To assess the effectiveness of AR treatment, clinical trials should measure the change in reflective total nasal symptom score (TNSS), from baseline to end of study (2 weeks for seasonal and 4 weeks for perennial AR) however, few studies have analyzed subjective efficacy endpoints, such as TNSS, in children with AR [15, 72]. Nevertheless, overall efficacy satisfaction for AR symptom relief was higher for second-generation antihistamines compared with first-generation antihistamines, with fexofenadine highly rated in children aged 1–12 years [61]. Furthermore, along with providing relief of seasonal AR symptoms, fexofenadine has also been shown to alleviate symptoms of perennial AR [65].

Unmet needs and future research on fexofenadine in children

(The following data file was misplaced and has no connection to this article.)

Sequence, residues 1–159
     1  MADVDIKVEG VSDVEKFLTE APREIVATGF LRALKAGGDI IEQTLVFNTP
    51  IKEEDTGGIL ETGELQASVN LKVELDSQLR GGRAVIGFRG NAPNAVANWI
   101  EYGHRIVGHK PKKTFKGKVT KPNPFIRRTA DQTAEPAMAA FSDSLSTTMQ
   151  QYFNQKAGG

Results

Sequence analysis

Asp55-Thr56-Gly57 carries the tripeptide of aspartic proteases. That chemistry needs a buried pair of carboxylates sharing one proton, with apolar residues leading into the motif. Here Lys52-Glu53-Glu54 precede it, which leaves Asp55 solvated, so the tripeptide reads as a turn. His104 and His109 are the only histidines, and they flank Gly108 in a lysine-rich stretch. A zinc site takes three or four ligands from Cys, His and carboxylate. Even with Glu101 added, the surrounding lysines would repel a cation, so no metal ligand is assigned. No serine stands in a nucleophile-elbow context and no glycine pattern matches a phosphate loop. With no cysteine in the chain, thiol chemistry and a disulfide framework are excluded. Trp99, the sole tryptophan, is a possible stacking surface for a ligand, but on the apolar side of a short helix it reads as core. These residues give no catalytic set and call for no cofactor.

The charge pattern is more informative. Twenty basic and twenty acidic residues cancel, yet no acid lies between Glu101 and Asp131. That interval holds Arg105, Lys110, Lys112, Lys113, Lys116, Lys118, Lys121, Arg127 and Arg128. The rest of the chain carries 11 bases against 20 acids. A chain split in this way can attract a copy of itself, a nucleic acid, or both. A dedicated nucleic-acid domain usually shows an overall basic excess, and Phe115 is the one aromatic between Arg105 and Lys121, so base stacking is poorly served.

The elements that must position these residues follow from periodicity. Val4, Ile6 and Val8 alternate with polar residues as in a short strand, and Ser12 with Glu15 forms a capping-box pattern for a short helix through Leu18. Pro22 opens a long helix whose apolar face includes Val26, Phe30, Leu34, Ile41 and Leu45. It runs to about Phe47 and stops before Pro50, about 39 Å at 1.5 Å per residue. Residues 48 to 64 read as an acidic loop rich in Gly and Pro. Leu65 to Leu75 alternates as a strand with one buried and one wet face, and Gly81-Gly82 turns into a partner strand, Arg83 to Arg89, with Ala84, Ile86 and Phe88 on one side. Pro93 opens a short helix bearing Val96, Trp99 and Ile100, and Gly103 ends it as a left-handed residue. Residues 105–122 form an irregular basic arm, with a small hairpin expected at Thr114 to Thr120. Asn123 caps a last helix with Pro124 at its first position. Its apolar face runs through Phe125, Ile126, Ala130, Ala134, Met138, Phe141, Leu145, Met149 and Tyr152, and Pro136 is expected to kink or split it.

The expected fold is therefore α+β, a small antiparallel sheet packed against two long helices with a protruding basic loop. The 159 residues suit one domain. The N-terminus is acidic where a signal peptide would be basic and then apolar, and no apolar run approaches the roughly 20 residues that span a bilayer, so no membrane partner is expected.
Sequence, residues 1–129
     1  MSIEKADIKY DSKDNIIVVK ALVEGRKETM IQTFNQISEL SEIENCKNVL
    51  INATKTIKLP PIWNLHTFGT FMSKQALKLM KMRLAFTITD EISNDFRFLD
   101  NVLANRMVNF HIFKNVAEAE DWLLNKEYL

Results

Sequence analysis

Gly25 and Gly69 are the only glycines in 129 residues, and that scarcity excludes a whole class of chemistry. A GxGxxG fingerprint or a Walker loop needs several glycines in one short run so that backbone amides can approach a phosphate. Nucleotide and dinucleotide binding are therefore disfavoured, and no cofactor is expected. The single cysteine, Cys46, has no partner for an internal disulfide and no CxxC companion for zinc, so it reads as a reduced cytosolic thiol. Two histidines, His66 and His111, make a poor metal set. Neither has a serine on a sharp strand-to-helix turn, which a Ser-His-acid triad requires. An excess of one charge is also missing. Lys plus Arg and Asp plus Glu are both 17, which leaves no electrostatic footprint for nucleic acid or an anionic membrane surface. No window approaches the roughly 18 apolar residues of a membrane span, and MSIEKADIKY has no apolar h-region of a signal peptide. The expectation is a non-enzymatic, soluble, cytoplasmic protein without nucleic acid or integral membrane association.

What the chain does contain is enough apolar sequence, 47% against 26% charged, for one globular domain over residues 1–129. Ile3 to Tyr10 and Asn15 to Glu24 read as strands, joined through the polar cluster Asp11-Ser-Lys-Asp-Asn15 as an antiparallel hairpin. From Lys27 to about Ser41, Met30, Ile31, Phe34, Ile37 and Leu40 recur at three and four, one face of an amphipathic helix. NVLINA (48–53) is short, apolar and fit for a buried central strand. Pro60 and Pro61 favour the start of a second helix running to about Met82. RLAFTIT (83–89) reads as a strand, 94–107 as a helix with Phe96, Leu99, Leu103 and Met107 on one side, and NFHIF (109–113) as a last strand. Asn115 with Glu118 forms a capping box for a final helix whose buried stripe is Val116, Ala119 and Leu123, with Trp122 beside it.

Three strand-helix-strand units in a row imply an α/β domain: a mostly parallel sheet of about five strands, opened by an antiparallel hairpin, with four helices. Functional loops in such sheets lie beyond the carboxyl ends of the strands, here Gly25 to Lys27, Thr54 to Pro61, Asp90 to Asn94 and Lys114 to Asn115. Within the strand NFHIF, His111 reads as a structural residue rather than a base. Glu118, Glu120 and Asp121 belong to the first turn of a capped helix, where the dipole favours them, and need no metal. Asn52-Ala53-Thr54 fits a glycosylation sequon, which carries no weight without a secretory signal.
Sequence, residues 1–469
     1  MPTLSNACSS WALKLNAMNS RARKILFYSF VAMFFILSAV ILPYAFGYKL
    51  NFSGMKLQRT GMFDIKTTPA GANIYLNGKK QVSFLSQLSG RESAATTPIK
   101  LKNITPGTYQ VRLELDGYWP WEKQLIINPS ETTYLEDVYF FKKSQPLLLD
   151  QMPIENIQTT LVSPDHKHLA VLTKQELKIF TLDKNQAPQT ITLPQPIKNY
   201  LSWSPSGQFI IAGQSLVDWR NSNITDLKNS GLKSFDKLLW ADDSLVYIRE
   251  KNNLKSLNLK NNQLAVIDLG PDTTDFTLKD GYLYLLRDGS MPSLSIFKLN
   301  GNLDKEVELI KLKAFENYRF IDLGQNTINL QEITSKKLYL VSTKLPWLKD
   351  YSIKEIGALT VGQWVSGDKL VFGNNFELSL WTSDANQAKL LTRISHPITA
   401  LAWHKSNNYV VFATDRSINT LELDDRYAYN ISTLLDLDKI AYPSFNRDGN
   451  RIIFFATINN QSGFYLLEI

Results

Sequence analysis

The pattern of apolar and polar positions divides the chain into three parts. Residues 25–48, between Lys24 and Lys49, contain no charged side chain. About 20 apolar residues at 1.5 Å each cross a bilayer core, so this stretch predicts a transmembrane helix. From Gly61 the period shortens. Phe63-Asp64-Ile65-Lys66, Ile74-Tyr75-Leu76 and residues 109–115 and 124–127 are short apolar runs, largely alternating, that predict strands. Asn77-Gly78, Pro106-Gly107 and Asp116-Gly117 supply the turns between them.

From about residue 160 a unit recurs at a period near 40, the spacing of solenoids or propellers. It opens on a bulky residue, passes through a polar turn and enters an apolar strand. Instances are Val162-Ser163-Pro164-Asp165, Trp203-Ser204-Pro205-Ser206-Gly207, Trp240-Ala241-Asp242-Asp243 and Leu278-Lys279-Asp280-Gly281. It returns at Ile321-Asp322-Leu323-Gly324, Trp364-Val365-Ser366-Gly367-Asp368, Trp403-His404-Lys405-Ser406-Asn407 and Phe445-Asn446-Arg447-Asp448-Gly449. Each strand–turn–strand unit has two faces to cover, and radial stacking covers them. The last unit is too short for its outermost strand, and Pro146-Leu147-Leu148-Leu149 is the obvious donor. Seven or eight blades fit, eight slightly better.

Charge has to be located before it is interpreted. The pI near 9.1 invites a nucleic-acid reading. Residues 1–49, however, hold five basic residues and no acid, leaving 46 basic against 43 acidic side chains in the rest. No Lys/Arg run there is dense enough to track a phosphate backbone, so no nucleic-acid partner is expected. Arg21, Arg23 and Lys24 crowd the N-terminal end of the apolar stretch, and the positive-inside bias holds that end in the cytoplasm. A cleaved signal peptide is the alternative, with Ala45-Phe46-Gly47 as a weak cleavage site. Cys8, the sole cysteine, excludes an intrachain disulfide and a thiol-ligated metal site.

Although intranasal corticosteroids are the most effective treatment option for the relief of AR symptoms, oral antihistamines are more commonly used due to the patient’s preference for the oral route of administration [37, 38, 73]. Even though antihistamines are the most commonly used medication, the number of clinical trials assessing the safety, efficacy and the influence of demographics on the pharmacokinetics of antihistamines in the pediatric population is limited and often conflicting. This lack of data in children with AR, particularly those under 6 years, limits the ability to perform comprehensive meta-analysis and systematic reviews. This is further compounded by the fact that clinical trials in young children with AR are particularly challenging since young children are usually unaware of their symptoms and generally less able to define and quantify them. Hence, the studies require a caregiver to report the child’s symptoms and changes in their magnitude. The second hand nature of this situation often blunts the ability to collect subjective data from patients of this age. In response, we have included data from a small number of clinical studies in adults; however, these findings may not be comparable. Furthermore, AR is rarely found in isolation. The consideration of potentially confounding symptoms and diagnoses, such as upper respiratory tract infections, and the fact that AR is frequently not diagnosed by pediatricians even though it may present in infancy, contribute to under diagnosis and under treatment [74]. In adults and children over 12 years, research has focused on the classical nasal symptoms of AR, such as nasal congestion; however, a high percentage of patients with AR also experience the ocular symptoms of allergic conjunctivitis. Though these ocular symptoms significantly impact daily activities, they are often not considered in clinical trials and disease management [12, 75]. It should be noted that some effective antihistamines are not available in pediatric doses or liquid formulations, or have not been sufficiently tested in young children [40].